|NATIONAL PARKS QUICKLINKS|
This 11.4-miler starts near McGee Meadow and heads southwest along McGee Creek. The terrain steepens after .6 mile as the trail climbs above the McGee Creek drainage and winds through stands of lodgepole pines. At mile 4.2, hike up and over a small saddle, then continue northwest beneath the ridge of the Apgar Mountains. The ridgeline hike begins at mile 5.4—the trail crests another saddle, then travels north-northwest for the final .4 mile to Huckleberry Mountain. From the summit, panoramic views stretch out to the north toward the rugged Livingston Range. Follow the same route back to the trailhead.
PERMIT: Overnight camping in Glacier National Park requires a backcountry permit. Check out the latest fees and more details at nps.gov/glac/planyourvisit/backcountry.htm.
PARK INFO: Glacier National Park, (406) 888-7800; nps.gov/glac/.
CAUTION: In Glacier National Park, you could spit and hit a grizzly. Well, almost–the park features the highest bear density in the Lower 48. One recent study counted 563 individuals, and researchers suspect the actual population may be even higher. That's .35 bears per square mile–or one bear within a one-mile radius of every backcountry campsite. Come summer and fall, aptly named Huckleberry Mountain becomes a magnet for hungry grizzlies, which are commonly found foraging the plump, purple fruit that ripens along the Apgar/Huckleberry Lookout Trail. "Large numbers of bears congregate there when there's a bumper crop," says supervisory ranger Gary Moses. In high huckleberry season, rangers often close the trail to dayhiking–but backpackers may still complete overnight trips in the area.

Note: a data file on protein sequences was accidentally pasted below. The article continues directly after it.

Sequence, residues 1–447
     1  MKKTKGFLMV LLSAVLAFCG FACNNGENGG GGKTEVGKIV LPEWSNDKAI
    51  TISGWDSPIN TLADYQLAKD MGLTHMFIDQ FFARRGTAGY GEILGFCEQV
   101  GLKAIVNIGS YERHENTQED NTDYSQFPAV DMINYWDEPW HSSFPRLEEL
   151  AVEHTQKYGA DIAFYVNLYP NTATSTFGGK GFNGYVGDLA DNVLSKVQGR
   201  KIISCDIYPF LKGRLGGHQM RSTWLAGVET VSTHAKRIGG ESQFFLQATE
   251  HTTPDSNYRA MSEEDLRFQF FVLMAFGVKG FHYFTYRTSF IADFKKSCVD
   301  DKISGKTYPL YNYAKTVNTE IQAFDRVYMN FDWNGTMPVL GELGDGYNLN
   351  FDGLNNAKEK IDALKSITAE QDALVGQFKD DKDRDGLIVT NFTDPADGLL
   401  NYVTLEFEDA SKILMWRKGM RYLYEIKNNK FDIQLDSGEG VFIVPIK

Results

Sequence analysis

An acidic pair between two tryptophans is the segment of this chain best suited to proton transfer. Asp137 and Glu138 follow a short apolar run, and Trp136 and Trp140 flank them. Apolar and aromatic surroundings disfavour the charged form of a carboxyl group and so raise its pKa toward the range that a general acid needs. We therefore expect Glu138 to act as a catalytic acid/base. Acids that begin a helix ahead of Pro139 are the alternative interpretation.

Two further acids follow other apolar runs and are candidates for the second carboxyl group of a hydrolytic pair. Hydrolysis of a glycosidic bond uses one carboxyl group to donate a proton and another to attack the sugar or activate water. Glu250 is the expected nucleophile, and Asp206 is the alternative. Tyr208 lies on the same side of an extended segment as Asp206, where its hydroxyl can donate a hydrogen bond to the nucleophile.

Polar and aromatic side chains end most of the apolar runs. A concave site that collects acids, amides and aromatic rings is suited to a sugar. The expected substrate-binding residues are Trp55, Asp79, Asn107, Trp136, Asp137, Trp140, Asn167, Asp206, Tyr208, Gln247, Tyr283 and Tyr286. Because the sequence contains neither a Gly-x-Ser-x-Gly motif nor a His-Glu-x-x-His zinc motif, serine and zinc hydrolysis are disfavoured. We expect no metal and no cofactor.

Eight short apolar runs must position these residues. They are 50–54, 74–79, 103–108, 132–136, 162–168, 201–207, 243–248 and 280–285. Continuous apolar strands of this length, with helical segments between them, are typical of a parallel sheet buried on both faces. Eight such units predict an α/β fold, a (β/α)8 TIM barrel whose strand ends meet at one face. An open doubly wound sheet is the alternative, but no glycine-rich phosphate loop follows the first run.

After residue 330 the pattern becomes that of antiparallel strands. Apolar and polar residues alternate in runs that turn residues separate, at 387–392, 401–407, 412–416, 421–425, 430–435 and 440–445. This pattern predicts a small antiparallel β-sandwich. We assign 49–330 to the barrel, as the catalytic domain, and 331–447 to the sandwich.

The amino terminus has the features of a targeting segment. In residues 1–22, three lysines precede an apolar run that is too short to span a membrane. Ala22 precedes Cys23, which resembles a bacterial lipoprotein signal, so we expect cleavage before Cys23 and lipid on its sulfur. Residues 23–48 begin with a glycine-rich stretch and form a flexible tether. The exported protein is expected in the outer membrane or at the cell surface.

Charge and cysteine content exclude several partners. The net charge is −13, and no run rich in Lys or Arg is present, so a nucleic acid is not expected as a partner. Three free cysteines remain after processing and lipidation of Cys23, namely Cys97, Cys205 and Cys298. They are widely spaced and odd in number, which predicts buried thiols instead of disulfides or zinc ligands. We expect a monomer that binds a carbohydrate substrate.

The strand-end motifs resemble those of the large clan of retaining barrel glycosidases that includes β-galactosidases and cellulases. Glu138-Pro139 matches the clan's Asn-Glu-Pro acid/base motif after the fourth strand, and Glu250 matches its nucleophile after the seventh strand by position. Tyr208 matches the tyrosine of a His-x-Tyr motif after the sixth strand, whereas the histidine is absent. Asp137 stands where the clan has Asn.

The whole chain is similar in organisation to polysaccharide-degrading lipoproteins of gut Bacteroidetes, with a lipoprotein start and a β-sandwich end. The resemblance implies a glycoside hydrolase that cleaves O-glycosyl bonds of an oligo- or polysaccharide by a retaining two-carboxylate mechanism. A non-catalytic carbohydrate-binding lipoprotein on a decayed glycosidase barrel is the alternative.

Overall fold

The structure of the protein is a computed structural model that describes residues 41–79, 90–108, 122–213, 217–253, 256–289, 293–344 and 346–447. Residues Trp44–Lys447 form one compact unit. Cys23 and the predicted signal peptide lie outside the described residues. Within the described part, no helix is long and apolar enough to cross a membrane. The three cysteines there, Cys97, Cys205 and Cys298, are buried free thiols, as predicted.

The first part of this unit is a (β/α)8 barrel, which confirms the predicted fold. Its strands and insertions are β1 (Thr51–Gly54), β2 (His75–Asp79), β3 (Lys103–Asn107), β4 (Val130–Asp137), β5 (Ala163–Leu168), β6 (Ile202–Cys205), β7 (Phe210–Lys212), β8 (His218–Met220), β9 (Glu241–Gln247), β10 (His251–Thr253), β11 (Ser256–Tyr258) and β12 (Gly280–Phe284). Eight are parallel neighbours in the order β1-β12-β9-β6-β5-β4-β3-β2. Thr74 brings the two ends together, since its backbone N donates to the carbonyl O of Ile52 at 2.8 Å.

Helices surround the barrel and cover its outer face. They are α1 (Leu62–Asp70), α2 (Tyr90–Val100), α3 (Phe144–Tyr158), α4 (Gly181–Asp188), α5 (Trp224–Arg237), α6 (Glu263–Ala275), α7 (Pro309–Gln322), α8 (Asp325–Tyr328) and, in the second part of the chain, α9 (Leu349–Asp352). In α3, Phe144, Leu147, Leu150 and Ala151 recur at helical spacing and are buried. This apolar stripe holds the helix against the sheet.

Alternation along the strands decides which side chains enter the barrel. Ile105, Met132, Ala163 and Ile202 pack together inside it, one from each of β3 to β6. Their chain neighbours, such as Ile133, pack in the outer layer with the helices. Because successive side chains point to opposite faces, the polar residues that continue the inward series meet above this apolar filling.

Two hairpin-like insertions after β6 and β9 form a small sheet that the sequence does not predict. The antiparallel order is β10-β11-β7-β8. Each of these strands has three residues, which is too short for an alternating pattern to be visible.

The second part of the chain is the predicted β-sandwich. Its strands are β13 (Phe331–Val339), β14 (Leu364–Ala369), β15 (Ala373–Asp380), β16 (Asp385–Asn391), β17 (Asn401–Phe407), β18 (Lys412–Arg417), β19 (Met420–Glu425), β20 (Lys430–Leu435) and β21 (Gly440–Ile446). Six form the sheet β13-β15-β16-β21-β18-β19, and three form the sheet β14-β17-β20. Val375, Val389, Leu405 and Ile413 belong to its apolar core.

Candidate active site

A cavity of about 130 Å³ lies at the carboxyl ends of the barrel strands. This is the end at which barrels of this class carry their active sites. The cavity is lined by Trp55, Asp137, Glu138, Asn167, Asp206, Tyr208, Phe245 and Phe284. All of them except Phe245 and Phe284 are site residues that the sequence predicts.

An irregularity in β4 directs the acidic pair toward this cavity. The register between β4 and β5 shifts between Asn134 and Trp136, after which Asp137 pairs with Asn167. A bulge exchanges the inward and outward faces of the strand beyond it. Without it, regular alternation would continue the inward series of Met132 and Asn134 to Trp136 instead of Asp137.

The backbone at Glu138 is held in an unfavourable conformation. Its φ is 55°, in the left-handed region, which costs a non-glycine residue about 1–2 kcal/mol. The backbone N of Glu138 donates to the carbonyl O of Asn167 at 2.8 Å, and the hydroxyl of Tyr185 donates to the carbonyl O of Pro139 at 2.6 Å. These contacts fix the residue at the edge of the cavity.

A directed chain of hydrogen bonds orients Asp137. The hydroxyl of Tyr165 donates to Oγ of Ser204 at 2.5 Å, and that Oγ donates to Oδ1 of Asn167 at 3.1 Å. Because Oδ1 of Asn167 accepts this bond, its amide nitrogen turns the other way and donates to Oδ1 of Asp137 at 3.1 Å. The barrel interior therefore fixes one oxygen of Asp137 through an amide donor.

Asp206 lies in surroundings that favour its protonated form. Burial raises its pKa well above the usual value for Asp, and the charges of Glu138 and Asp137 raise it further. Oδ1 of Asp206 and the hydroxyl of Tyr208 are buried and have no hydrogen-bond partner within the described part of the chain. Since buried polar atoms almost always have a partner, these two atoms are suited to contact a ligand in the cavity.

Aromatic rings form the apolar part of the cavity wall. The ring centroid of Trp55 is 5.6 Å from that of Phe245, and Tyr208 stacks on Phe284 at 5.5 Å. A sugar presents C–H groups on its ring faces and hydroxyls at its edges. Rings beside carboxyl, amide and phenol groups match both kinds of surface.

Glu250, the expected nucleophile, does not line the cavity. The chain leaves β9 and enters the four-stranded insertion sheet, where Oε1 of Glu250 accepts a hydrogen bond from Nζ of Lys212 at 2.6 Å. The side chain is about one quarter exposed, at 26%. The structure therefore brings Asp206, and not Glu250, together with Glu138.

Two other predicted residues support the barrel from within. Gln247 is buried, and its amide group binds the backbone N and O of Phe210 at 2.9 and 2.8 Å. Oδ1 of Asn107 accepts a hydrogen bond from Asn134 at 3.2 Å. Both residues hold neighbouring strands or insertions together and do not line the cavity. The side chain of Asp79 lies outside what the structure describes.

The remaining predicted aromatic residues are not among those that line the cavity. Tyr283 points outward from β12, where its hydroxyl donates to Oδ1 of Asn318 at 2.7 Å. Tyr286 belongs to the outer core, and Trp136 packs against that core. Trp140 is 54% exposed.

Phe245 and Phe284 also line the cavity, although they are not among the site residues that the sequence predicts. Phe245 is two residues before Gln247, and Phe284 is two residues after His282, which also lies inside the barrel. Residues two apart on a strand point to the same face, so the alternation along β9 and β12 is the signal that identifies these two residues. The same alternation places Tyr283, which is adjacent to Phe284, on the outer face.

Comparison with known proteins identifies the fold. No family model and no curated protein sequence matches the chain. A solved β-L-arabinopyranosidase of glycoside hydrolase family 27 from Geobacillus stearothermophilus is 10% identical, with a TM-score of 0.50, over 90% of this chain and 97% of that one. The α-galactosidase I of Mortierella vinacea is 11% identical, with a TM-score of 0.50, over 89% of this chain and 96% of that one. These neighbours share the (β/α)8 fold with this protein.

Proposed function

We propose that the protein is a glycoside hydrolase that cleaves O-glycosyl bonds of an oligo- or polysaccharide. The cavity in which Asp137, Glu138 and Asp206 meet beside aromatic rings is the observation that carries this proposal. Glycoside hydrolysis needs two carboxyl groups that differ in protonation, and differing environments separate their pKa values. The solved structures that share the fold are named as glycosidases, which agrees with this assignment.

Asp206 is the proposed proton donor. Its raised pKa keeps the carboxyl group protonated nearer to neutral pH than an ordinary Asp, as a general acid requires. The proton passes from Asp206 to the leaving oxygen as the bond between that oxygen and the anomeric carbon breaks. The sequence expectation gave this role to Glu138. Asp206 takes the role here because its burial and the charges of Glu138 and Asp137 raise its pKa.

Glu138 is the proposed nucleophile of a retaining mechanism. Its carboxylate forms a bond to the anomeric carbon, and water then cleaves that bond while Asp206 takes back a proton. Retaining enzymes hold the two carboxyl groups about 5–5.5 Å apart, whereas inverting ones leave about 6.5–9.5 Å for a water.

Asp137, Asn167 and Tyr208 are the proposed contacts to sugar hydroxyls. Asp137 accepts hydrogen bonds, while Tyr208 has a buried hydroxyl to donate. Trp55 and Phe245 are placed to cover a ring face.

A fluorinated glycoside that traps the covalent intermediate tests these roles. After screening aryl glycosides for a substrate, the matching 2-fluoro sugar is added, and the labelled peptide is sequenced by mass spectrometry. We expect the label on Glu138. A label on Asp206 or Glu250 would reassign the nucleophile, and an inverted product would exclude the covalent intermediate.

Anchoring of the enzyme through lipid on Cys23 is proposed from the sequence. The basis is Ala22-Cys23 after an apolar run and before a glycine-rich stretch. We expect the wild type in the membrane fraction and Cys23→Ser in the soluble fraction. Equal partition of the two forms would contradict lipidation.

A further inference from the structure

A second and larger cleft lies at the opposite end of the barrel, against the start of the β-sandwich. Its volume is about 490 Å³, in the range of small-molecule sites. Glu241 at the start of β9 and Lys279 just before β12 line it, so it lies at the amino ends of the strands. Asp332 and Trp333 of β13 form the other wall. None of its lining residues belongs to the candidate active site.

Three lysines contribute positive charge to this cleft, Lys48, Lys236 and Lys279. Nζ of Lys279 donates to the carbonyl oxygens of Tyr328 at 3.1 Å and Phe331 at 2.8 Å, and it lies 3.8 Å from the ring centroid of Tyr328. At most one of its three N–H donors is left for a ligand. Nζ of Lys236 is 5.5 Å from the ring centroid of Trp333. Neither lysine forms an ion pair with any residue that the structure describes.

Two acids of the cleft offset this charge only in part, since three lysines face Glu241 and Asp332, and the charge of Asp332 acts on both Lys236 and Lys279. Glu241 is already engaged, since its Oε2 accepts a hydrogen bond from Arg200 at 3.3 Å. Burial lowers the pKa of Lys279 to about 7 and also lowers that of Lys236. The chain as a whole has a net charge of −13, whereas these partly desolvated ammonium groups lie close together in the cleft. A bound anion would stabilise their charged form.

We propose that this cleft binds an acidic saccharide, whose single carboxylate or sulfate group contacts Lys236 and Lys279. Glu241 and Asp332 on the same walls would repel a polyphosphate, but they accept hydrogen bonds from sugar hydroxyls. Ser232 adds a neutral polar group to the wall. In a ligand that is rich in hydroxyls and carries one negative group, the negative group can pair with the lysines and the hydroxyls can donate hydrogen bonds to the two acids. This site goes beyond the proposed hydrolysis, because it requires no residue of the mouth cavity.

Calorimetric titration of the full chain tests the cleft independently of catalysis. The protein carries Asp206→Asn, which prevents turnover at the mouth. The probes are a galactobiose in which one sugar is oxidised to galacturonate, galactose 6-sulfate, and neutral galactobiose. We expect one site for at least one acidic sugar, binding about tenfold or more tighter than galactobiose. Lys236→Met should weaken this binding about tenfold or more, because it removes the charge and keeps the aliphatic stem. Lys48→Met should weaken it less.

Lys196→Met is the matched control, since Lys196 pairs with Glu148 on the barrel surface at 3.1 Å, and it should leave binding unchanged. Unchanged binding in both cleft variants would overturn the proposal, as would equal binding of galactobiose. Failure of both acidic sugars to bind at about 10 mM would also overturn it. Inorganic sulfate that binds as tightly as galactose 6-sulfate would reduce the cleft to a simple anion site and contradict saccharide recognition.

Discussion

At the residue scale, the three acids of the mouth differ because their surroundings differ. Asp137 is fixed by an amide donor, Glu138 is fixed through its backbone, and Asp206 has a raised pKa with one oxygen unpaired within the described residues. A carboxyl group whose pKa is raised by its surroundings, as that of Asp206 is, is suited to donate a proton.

SURVIVAL PLAN: To avoid crashing a grizzly smorgasbord, don't linger around food sources like carcasses and berry bushes. Note the wind: Bears smell better than they see, and if you're walking into the breeze, you might surprise one that hasn't caught your scent. If you do startle one, avoid eye contact and back away slowly. Should the bear charge, drop to the ground, crouch in a fetal position to protect your vital organs, and clasp your hands across the back of your neck. Then, pray.
See more hazardous hikes at America's 10 Most Dangerous Hikes.
-GPS data provided by the National Park Service